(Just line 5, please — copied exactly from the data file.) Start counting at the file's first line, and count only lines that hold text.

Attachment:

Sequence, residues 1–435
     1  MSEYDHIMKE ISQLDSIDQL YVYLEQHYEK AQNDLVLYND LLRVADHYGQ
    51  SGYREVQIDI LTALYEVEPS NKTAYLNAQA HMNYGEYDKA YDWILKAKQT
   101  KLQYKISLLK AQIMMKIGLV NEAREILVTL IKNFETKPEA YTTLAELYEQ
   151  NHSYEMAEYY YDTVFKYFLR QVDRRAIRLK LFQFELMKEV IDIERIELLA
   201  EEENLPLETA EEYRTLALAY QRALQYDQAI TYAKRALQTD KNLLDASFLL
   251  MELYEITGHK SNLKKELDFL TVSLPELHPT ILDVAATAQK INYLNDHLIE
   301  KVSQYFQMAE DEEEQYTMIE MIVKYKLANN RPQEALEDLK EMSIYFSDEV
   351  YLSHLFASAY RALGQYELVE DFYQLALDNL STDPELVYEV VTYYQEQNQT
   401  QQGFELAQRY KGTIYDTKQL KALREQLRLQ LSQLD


   151  NHSYEMAEYY YDTVFKYFLR QVDRRAIRLK LFQFELMKEV IDIERIELLA